But reaching the total will require some painful decisions.
“All of this money has been assigned for other purposes,” Shanahan said, adding, “It really is a trade-off.”
Is it legal to transfer military funds to the counterdrug account?
A federal law, the Anti-Deficiency Act, generally makes it a crime for an official to spend money on something in excess of what Congress has appropriated for that purpose.
But the Trump administration says it can lawfully move other military funding into the Pentagon’s counterdrug account under “general transfer authority,” a power Congress has given to the defense secretary. This power gives Shanahan, under certain conditions, the flexibility to move up to $4 billion around from one purpose to another.
But there are certain limits. Among them, it can be used only on an item that is “higher priority” than its original purpose and meets a standard of “unforeseen military requirements” and “in no case where the item for which funds are requested has been denied by the Congress.” This raises the question of whether Trump’s desire to spend more on his wall than Congress appropriated qualifies under that standard.
Martin Lederman, a Georgetown University law professor who helped run the Justice Department’s Office of Legal Counsel during the Obama administration, said he had found no example of litigation in which a court had tested such “arcane language and conditions” in the transfer law, leaving few guideposts for how far the administration can stretch it.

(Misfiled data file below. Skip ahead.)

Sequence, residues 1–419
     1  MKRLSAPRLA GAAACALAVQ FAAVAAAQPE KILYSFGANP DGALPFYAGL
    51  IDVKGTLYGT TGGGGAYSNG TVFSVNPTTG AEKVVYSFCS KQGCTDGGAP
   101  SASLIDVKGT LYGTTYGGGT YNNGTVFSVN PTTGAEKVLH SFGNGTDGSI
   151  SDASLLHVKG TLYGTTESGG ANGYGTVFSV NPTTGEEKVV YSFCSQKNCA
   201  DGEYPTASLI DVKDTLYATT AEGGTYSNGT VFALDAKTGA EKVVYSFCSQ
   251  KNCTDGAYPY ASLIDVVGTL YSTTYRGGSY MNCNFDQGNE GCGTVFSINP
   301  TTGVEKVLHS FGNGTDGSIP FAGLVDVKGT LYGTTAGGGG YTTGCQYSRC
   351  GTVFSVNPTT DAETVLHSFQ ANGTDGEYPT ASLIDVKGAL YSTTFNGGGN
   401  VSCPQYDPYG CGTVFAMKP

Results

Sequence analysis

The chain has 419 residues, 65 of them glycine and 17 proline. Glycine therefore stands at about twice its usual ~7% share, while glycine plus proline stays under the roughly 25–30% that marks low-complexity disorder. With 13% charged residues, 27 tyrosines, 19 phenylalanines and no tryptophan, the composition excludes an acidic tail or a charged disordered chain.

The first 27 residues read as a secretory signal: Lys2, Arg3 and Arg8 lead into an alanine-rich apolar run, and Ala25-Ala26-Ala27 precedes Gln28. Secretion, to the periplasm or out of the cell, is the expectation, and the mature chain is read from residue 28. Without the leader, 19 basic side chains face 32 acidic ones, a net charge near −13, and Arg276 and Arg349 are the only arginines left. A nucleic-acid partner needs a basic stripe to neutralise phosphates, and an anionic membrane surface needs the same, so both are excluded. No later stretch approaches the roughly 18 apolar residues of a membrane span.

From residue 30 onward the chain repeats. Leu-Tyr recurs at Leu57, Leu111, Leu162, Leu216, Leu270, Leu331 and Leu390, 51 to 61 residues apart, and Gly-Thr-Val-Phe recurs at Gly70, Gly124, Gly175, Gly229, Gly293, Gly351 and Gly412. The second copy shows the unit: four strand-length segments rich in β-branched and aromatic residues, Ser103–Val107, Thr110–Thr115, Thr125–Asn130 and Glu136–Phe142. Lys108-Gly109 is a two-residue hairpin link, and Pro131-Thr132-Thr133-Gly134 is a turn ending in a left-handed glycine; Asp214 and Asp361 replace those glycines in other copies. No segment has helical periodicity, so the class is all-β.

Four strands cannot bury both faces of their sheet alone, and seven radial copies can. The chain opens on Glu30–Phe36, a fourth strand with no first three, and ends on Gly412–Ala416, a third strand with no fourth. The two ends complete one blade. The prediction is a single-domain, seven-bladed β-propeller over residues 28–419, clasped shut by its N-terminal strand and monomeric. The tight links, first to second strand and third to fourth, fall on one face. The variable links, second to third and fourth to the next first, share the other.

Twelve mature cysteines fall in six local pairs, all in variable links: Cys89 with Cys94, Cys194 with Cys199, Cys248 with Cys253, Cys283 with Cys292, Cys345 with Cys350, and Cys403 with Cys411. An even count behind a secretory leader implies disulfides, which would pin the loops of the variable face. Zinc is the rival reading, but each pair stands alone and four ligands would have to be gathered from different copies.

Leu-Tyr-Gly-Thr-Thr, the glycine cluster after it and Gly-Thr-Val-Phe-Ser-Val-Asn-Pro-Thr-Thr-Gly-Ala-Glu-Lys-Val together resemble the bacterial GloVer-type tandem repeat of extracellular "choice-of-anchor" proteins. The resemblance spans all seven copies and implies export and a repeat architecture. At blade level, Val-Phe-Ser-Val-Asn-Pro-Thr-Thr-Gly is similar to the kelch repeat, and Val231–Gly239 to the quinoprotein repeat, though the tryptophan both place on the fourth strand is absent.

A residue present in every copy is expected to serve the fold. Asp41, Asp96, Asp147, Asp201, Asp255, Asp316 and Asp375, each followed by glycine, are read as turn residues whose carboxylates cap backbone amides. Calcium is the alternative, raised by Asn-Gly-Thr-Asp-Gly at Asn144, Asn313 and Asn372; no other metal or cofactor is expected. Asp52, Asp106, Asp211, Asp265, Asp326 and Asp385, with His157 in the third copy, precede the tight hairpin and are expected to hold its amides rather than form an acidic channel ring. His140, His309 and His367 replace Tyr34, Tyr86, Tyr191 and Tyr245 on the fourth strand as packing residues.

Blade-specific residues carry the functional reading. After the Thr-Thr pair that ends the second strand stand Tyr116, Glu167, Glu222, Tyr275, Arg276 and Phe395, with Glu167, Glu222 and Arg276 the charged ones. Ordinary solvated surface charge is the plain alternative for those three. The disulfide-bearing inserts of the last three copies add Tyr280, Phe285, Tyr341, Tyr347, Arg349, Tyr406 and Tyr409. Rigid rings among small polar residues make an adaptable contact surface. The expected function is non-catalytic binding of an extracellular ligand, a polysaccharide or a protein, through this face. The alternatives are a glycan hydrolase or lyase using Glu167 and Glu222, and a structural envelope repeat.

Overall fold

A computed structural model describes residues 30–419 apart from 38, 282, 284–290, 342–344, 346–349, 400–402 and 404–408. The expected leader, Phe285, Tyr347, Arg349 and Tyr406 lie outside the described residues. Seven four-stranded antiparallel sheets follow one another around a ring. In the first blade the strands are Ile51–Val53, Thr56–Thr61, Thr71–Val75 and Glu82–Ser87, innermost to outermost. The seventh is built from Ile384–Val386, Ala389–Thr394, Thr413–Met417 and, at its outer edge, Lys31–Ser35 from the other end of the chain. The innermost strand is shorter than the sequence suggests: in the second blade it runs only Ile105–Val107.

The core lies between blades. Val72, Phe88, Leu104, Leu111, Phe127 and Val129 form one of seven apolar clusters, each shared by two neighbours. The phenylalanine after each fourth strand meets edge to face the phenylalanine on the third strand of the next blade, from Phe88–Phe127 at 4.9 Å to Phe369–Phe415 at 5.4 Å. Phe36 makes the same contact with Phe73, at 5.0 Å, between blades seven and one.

Could the courts block it?
Maybe. A deluge of lawsuits are asking judges to block Trump’s executive actions on wall spending. A lawsuit filed by a coalition of 16 states, for example, includes the accusation that Trump exceeded his legal authority in seeking to divert the funding for the military counterdrug account to use on border barriers.
What about Congress?
The “general transfer authority” provision says Shanahan must notify Congress promptly of all such transfers. Another military official, speaking on the condition of anonymity, said the Defense Department had scheduled a meeting of senior officials Thursday to iron out where redirected funds will be taken from, and planned to take those recommendations to the appropriations committees in Congress on Friday.
As a matter of constitutional law, if Congress has given the executive branch the authority to redirect funds, the appropriations committees cannot veto any particular exercise of that power. But as a matter of political reality, executive branch officials generally heed committee objections. The idea is to preserve a harmonious relationship with appropriators who could slash their next budget.
Especially because the House is controlled by Democrats, this norm appears likely to put the Pentagon in a bind. The House Appropriations Committee chairwoman, Rep. Nita Lowey, D-N.Y., has expressed deep skepticism about Trump’s plan, blasting him for ignoring “Congress’ refusal to fund his wasteful border wall,” which she called “a political vanity project.”
The Defense Department declined to address what it will do if congressional appropriators tell it not to move the money.